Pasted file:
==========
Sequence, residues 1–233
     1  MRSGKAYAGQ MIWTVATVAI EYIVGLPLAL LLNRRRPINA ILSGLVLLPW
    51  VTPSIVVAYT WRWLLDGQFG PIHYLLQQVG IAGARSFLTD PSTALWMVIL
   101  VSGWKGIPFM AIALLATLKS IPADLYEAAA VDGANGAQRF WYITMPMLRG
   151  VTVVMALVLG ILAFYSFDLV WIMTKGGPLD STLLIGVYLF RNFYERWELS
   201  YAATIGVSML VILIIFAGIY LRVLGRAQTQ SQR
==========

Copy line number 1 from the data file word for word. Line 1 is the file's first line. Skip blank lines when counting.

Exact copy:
Sequence, residues 1–233